This letter from Barbara Howard, to her grandma, was written when Barbara was 80. It’s part of the “The Grandchildren Speak” series, where we collected letters from grandchildren sharing what they learned from their grandparents.
My Grandma Nettie was an old-fashioned Midwestern farm wife. She and Grandpa had nine children whom they raised on a rented farm in central Illinois. I was her first grandchild and I always felt I was her favorite, though many others came after me.
I was a premature baby and they say I had constant colic. My inexperienced parents didn’t know how to cope with it, so they asked Grandma to take care of me. Whatever she did, it worked; I guess that was when we first bonded.
From the time I was a young child, in the 1940s, I started spending summers with my grandparents. Four of my aunts and uncles still lived at home on the farm; my parents and I lived about 100 miles away, so this was a real adventure for me. They had electricity, but no running water and few other modern conveniences.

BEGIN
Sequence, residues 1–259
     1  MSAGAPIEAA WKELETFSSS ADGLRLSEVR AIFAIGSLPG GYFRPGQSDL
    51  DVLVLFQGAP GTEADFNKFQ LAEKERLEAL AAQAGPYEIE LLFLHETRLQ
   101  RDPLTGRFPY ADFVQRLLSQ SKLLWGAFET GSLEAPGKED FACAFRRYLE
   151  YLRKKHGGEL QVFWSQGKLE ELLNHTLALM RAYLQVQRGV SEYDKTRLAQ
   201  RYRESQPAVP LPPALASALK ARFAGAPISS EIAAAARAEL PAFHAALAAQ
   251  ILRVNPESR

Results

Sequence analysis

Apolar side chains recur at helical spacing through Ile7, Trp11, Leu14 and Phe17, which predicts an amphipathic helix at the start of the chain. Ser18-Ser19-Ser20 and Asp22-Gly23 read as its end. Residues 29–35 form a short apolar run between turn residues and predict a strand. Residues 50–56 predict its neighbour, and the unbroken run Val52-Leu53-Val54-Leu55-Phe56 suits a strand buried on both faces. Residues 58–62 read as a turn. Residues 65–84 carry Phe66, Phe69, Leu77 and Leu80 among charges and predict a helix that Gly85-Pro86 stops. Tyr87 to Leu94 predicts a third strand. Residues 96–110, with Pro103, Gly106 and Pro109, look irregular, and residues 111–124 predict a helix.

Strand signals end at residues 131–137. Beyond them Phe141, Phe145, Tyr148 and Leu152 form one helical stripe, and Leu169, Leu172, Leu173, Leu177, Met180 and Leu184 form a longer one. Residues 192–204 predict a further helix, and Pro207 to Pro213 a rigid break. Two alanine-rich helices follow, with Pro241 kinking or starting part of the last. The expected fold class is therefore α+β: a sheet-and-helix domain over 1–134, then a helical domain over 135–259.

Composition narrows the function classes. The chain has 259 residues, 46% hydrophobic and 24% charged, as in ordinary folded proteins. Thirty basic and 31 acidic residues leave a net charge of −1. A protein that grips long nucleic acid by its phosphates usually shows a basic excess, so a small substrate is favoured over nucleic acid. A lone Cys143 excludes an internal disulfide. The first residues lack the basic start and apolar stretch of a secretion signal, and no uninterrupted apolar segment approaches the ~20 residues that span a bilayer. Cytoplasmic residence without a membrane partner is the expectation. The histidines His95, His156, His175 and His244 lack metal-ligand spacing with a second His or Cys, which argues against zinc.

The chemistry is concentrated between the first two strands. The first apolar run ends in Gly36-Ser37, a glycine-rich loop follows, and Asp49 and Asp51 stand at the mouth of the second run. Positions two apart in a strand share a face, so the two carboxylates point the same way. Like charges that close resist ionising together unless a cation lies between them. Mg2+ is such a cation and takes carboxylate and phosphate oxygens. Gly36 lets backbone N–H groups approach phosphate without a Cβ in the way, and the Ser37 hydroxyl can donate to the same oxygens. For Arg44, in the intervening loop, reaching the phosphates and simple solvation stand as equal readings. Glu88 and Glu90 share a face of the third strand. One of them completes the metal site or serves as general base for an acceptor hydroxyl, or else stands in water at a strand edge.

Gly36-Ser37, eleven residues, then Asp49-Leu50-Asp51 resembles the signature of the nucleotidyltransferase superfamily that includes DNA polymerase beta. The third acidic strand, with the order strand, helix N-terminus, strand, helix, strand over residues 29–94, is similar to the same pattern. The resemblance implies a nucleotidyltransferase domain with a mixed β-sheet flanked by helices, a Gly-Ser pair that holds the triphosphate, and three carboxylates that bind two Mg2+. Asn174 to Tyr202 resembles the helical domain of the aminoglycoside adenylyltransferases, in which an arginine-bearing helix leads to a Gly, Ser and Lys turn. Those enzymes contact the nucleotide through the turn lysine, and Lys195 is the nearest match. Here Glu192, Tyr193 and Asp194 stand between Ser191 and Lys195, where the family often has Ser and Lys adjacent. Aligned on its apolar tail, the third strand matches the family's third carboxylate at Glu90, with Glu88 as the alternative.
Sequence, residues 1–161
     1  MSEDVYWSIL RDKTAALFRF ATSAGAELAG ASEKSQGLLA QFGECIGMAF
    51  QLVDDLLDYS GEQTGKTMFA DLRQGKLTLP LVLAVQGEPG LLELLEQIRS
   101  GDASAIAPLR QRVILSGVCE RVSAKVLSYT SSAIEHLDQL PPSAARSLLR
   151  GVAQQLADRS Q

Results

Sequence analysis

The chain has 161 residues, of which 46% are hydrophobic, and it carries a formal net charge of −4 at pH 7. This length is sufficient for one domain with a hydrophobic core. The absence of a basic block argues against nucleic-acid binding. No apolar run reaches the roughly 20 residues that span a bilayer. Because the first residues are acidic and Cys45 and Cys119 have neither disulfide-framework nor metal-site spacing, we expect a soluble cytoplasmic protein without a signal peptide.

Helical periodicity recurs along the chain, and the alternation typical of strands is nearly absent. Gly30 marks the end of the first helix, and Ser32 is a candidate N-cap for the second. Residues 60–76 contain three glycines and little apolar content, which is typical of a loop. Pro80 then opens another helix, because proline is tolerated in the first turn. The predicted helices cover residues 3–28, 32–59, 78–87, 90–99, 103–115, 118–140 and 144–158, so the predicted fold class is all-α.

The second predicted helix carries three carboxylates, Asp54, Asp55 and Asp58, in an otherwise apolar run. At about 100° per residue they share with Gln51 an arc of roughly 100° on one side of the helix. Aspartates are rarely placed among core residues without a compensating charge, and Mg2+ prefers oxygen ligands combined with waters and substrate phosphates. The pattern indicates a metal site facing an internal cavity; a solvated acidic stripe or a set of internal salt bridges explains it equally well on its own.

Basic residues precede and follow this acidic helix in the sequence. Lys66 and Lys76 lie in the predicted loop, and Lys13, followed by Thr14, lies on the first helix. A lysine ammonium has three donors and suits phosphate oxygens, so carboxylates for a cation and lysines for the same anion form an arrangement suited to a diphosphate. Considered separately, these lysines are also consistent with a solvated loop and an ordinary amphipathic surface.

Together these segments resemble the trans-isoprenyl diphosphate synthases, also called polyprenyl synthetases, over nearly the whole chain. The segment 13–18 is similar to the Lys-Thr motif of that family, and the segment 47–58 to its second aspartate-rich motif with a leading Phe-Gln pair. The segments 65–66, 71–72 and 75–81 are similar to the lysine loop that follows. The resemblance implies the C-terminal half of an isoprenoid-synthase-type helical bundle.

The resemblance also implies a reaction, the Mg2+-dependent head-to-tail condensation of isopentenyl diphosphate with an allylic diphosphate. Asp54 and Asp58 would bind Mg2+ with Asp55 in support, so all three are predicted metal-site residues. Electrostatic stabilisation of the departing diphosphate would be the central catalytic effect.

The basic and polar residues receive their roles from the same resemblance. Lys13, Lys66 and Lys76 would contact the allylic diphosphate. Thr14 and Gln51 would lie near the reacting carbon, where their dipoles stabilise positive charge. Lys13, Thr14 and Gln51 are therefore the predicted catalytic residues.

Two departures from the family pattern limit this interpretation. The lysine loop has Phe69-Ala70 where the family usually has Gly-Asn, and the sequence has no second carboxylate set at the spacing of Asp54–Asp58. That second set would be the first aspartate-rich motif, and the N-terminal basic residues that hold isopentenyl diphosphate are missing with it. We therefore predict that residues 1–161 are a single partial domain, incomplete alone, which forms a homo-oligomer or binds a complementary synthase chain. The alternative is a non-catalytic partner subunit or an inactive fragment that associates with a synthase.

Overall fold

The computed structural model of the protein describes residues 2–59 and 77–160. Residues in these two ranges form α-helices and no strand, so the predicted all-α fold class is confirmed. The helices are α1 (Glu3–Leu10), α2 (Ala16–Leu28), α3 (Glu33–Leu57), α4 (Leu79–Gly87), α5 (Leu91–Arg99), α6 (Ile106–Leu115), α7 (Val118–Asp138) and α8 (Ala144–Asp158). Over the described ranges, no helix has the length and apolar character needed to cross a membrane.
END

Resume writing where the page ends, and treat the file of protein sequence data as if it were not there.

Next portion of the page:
Grandma baked bread every other day, and always made a muffin-sized, miniature loaf just for me. She let me help her knead the bread, and sometimes with the pies she baked for Sundays.
On Saturdays, we went into town to do the weekly grocery shopping at the local Red & White store. Occasionally, they would buy cattle-feed, which came in brightly patterned calico sacks; she would let me pick out the ones I liked best, and then use the material to make me a dress and matching bonnet. (She tried to teach me how to sew, but I never did catch on to it.)
She used to play an old organ that she had to pump with her feet, and we sang gospel songs from an old hymnal.
Saturdays were bath-time and hair-washing time. Bathwater from the pump was heated on the woodstove, and I was allowed to be the first to sink into the tin circular tub. (I think she used the same bathwater for herself.) She washed my hair outside on the porch, using a pitcher of water and a washbasin, and a beaten egg for shampoo.
She taught me so many things: important skills like cooking and baking, gardening and canning. Some of the skills didn’t end up being that important, in my life – like how to sneak an egg from under a sitting hen who was guarding her nest. But most of all, she instilled in me patience, kindness, and faith.
I owe her so much.
BARBARA HOWARD (80)